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President Vaidya wearing iVote facial covering with his ballot envelope.

Dear Campus Community:

In one week, our country will demonstrate the power of democracy as we hold our 59th presidential election. Americans have been exercising the right to select our leader since 1788, and I encourage all of you to participate in this longstanding cornerstone of our democracy.

Many of you may have already participated in this year’s election, either by absentee ballot or by voting early. In fact, I just submitted my ballot at the Campbell
County drop box, and in doing so, I took a moment to reflect on the significance of this act. Voting is a right and a privilege we have as Americans, and not every place in the world has that option. Our university deems it such a fundamental part of democracy that we mark the day by closing and giving everyone time on November 3 to take part in the process.

Arguably, democracy as a system of government has produced more desirable results for nations than any other form of government. The Institute for Democracy and Higher Education at Tufts University argues that the democracy we strive for is an aspirational one – “a democracy that is informed and educated, equitable, representational and just, effectively and ethically governed, inclusive and participatory.”

Here at NKU, our goal goes beyond providing the education and skills to prepare you for your career. Our mission is to educate students for a just and inclusive democracy and the privilege of academic freedom allows for that to occur. We must encourage the learning and intellectual space to cultivate engaged citizens. That is what we mean when in our mission, we say - empower our graduates to have fulfilling careers and meaningful lives. I am so proud of how our faculty, staff and students are working to inform our community on the importance of the democracy and voting in this election:

  • The Scripps Howard Center, along with Enrollment & Degree Management and the New Student Orientation Office, worked this summer to send all incoming freshman an NKU VOTE imprinted face mask along with a reminder postcard with information about our #NKUVotes website. They are also driving a social media campaign where people share why they vote, and I was honored to take part in that effort.

  • We included an NKUVotes video with voter information in the new student Virtual Orientation program this year, and the Student Government Association (SGA) is also encouraging students to register to vote this semester.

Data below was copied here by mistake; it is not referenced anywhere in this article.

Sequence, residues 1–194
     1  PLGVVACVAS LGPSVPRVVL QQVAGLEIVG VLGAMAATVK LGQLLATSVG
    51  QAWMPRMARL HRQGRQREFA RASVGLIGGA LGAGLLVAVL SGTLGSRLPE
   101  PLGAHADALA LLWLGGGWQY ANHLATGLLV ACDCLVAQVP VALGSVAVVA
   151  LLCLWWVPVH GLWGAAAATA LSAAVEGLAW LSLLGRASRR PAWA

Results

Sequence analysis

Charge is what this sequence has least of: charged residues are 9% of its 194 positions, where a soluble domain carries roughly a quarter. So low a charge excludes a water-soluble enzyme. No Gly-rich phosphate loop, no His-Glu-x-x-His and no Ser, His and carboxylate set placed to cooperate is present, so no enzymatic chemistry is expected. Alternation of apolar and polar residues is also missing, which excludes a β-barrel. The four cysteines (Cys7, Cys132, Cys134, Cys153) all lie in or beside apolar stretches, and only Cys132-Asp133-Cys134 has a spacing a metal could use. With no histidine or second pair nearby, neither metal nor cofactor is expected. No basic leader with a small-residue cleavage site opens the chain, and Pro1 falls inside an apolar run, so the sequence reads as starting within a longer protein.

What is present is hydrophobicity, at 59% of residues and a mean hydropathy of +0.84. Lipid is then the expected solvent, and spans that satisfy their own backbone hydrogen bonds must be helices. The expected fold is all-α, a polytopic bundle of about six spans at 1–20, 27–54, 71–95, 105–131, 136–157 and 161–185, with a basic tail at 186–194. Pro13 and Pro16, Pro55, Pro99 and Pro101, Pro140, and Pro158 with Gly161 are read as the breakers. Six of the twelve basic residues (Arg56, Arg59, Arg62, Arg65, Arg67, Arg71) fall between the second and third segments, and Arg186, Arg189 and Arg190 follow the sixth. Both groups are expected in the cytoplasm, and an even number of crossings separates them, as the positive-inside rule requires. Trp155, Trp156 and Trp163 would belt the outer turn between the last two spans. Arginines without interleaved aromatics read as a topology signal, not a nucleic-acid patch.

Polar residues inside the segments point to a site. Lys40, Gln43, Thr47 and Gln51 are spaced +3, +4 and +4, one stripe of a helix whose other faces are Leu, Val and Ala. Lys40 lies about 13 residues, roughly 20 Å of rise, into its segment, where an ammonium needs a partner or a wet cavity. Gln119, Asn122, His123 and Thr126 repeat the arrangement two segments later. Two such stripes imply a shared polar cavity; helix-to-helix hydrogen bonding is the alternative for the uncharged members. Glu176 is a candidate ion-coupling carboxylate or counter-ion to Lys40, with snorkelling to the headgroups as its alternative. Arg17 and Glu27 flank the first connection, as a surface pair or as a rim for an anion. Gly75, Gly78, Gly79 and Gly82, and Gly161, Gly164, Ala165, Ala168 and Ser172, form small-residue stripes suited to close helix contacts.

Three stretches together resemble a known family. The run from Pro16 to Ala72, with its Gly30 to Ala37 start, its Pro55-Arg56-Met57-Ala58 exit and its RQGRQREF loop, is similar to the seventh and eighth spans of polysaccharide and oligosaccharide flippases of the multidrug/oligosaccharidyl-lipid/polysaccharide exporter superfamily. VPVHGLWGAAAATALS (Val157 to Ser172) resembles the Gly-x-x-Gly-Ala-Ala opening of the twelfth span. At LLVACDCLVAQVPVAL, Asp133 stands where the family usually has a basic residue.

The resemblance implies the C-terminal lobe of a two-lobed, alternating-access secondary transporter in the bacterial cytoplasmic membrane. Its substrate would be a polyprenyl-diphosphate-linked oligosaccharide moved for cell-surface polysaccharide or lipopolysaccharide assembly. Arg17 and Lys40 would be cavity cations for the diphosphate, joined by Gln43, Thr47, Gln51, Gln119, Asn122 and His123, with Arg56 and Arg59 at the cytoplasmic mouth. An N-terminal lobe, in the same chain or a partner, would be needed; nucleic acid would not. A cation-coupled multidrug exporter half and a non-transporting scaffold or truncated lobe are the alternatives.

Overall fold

• Steely Library compiled a list of the Top 10 Tips to GearUp to Vote, so our students have the resources to make an informed decision on election day.

  • College of Informatics Professor Dr. James Walden, who is one of our top cyber threat experts, hosted a community conversation to take deep dive into election security issues and identify how we can improve the safety of our democratic process.

  • Professor Michael Baranowski’s Election 2020 class this fall, an upper-level political science class includes a weekly podcast about this election. The class was featured in an editorial in the Northern Kentucky Tribune.

  • And speaking of journalism, our outstanding students who run The Northerner are partnering with the Northern Kentucky Tribune to take a detailed look at all the local election races. Their work will inform voters of candidates and issues that impact their daily lives.

It is truly amazing to see the scope of what our campus community is doing to engage and educate our students and the region to uphold the values and principles that make an effective democracy. Many of these efforts started right at the beginning of the semester to show our students, many who are new to Norse Nation, what we value as a university. If you’ve already cast your ballot, please look for other ways to participate in the process. With the pandemic, many of the senior citizens who work the polling stations are unable to do so this year. Consider using the day off to volunteer your time to work at a polling station if you are able, or reminding your friends and family members to cast their ballots.

I believe our society benefits tremendously from having well-educated, engaged citizens. It’s at the core of our democracy. While I was a college student in India in the
1980s, my admiration for the United States was based on two fundamental tenets – no other country had a better system of governance, and no other country had a better system of higher education. What has become clearly evident to me over the years is that the two tenets are inextricably linked. One cannot have an effective, just and inclusive democracy without an engaged, educated and well-informed citizenry.

This year has challenged our democracy, perhaps like no other time in our history since the Civil War. We are battling a global health crisis, a national economic and social crisis, and an information crisis. And concerns about voter suppression and election integrity are exacerbating an already partisan and deeply divided nation. There is an anecdote, often told, that in 1787, upon leaving the Constitutional Convention, Benjamin Franklin was asked by a group of citizens what sort of government the delegates had created. His answer was: "A republic, if you can keep it." Whether or not Franklin actually said those words, their meaning is true to this day – the active and informed involvement of the people is absolutely essential to sustain our democracy.

To our students, especially those in the 18-29 year age group, your voice is more important than ever. You are now a larger group than the baby boomer generation, which means you wield significant political power and the ability to shape policy. Norse Nation – it’s game time! Let’s exercise our right and privilege to vote - our democracy depends on it.

Ashish Vaidya